In recent years, psychoanalytic theory has been the subject of attacks from philosophers, cultural critics, and scientists who have questioned the cogency of its reasoning as well as the soundness of its premises. Nevertheless, when used to shed light on horror cinema, psychoanalysis in its various forms has proven to be a fruitful and provocative interpretative tool. This volume seeks to find the proper place of psychoanalytic thought in critical discussion of cinema in a series of essays that debate its legitimacy, utility, and validity as applied to the horror genre. It distinguishes itself from previous work in this area through the self-consciousness with which psychoanalytic concepts are employed and the theorization that coexists with interpretations of particular horror films and subgenres.

    2. Cinema 2: The Time-Image - Gilles Deleuze [Amazon US]
      Although Deleuze mentions that this book's aim is to make a typology on cinema, for readers, it will be the object of thought more than that. In this book, Deleuze considers many films in which time is not subordinate to movement any longer (the time-image). His way of developing theory is like Bergson's one on time and memory, but his theory of time has variations that are reflected in various films and becomes a profound notion of the world with dynamic extension. Deleuze proposes us not only new concepts through films but also the question: What is the world? Deleuze creates a system on cinema as same as he analyzes clearly what is new and what is different from the past films in films of neo-realism or the new wave. While many people have mentioned to genres in films, Deleuzefs analysis of the border between the genres is one of the most precise.

      If you had "Cinema 1: The Movement-Image", this book would be more interesting for you because you could compare the two books. Moreover, this book treats so many films that you must find ones you have ever seen, which makes this book more fascinating.--A reader from Kobe, Japan for amazon.com

    3. Theories of Authorship: A Reader (1981) J. Caughie [Amazon.com]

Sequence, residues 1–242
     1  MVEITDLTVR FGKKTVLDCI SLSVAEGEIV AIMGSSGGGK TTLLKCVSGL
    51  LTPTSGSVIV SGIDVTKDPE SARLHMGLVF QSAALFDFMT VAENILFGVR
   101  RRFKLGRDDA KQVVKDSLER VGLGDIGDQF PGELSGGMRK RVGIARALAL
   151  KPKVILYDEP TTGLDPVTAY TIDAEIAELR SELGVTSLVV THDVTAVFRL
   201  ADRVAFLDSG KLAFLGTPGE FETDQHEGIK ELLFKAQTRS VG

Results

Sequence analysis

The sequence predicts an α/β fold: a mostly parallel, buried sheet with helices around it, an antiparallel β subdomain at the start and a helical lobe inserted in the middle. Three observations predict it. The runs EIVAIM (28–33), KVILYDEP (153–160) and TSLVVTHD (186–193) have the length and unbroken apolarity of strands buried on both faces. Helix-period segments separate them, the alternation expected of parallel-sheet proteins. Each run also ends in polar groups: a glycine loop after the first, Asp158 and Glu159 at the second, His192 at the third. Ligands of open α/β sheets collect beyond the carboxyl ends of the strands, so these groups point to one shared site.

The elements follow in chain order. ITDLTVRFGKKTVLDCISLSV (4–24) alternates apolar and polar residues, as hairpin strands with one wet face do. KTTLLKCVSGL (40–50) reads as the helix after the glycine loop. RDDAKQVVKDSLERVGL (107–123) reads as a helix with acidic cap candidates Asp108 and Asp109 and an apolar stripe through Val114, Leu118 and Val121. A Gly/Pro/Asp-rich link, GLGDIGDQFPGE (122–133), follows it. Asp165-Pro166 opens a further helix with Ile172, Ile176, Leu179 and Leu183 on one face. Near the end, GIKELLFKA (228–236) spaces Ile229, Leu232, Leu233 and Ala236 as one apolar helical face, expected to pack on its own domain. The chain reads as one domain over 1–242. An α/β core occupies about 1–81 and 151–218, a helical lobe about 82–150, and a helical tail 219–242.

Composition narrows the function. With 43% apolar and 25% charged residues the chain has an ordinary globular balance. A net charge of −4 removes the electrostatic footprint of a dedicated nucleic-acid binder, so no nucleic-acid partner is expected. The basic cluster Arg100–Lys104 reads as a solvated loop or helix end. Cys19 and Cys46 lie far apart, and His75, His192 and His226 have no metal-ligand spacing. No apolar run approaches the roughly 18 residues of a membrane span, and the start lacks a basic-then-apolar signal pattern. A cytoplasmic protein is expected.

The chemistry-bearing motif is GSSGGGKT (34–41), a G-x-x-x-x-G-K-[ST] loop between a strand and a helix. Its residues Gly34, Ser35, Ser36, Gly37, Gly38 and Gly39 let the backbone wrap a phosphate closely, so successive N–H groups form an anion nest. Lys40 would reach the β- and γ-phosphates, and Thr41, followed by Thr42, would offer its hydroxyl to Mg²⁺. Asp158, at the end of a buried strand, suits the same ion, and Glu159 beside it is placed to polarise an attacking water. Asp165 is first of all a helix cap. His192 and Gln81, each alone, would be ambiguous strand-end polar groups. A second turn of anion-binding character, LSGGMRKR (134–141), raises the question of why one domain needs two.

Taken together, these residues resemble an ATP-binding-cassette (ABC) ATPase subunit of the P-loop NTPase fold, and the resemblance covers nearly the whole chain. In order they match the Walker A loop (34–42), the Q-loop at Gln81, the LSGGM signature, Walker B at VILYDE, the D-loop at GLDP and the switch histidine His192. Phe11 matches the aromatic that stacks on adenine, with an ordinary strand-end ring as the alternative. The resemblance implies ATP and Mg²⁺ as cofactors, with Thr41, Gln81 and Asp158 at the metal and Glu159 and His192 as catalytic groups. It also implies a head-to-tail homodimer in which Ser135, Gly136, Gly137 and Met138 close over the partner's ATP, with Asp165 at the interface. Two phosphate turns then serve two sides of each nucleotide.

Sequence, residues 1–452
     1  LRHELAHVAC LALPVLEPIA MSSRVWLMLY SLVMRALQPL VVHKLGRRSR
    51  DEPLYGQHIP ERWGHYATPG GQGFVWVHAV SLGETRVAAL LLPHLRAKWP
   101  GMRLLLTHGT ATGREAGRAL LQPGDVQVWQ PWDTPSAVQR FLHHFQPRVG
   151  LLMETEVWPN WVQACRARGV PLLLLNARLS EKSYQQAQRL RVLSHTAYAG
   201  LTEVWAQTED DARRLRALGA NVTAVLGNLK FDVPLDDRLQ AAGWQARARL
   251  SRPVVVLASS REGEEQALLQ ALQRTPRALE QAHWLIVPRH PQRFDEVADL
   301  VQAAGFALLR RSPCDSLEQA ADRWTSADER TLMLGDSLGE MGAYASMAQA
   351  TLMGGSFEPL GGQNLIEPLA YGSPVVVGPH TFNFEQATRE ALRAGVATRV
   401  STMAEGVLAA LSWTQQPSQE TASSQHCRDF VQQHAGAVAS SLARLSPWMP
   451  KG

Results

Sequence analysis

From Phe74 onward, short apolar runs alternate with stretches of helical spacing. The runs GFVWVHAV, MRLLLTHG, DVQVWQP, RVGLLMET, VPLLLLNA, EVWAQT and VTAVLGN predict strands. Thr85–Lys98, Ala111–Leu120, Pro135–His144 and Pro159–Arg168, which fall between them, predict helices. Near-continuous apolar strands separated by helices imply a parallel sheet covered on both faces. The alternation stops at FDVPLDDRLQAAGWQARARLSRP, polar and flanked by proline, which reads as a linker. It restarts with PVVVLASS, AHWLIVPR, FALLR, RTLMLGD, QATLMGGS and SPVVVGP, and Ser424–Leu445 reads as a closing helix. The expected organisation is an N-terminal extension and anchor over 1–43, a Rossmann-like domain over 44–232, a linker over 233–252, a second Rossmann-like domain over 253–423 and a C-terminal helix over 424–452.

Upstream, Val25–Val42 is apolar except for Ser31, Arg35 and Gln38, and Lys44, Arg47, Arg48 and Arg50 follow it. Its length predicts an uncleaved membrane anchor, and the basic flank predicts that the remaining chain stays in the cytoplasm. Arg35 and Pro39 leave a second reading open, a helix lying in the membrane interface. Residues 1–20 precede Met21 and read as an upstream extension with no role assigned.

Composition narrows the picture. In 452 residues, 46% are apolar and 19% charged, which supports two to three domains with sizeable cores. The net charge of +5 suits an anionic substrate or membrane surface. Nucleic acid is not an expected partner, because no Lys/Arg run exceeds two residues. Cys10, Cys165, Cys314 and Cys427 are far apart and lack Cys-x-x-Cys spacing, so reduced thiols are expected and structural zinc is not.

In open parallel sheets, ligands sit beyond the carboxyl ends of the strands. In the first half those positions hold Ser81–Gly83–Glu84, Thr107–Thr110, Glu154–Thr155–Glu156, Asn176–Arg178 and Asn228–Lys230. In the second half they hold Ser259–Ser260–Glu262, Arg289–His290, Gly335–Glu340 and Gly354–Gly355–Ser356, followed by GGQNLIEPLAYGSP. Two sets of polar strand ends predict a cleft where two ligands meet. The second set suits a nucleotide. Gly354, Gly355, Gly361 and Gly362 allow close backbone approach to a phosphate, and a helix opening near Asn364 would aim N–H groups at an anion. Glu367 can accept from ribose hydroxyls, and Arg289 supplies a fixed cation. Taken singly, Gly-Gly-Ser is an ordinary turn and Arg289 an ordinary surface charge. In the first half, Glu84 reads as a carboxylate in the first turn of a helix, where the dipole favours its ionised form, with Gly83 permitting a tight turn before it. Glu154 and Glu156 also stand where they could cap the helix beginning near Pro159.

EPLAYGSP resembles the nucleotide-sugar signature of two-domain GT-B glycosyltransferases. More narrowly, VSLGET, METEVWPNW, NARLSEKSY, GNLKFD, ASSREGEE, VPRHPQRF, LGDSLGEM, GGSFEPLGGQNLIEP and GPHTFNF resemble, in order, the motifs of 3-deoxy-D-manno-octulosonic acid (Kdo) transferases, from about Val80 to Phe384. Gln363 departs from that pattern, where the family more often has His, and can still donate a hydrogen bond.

The film director or "auteur" has been central in film theory and criticism. This text documents the major stages in the debate about film authorship, and introduces recent writing on film to suggest important ways in which the debate might be reconsidered. --Synopsis, amazon.com

    4. Film Theory and Criticism: Introductory Readings - Leo Braudy (Editor), Marshall Cohen (Editor) [Amazon.com]
      This is an expanded an updated edition of an ideal introduction to film aesthetics. In addition to extracts from the writings of film theorists of the calibre of Eisenstein, Pudovkin, Bazin, Barthes, Metz, and Sontag, there are pieces on such perenially contentious issues auteur theory, narrative and genre, and on many key contemporary topics, including psychoanalysis, feminism, television, and the cultural impact of cinema. --Synopsis via amazon.com

    5. Movie Mutations : The Changing Face of World Cinephilia (2003) - Jonathan Rosenbaum (Editor), Adrian Martin (Editor) [Amazon US] [FR] [DE] [UK]
      At the beginning of the twenty-first century, formula-driven Hollywood blockbusters and bottom-line accounting seem to dominate the film world. In times like these can "the love of cinema" still flourish? This book shows that contemporary cinema--from Tawian and Iran to Brazil and the Baltic states--is, in fact, stunningly varied and rich. As Jonathan Rosenbaum and Adrian Martin show in this wide-ranging look at World Cinema, directors like Abbas Kiarostami, Hou Hsiao-hsien, and Tsai Ming-liang are now making extraordinary films equal to the great classics, previously unrecognized works from the past are being discovered, and new boundaries for the genre are being explored. Those who follow and share such work, as contributors from around the world demonstrate in these pages, are forming new communities that enable significant exchange between cultures at a time when other forces seem bent on keeping them isolated. Movie Mutations pronounces the art form alive, well, and continuing to developing in new and exciting directions. --Book Description

    Everything You Always Wanted to Know About Lacan (But Were Afraid to Ask Hitchcock) (1992) - Slavoj Zizek

    Everything You Always Wanted to Know About Lacan (But Were Afraid to Ask Hitchcock) (1992) - Slavoj Zizek [Amazon.com] [FR] [DE] [UK]

    Synopsis Hitchcock is placed on the analyst's couch in this volume of case-studies, as its contributors sweep on the entire Hitchcock oeuvre, from "Rear Window" to "Psycho" as an exemplar of "postmortem" defamiliarization. Starting from the premise that "everything has meaning" the films' ostensible narrative content and formal procedures are analyzed to reveal a proliferation of ideological and psychical mechanisms at work. But Hitchcock, here, is also a bait to lure the reader into "serious" Marxist and Lacanian considerations on the construction of meaning. The contributors are: Fredric Jameson, Pascal bonitzer, Miran Bozovic, Michel Chion, Mladen Dolar, Stojan Pelko, Renata Salecl, Alenka Zupancic and Slavoj Zizek. --via Amazon.com

    see also: Alfred Hitchcock - Jacques Lacan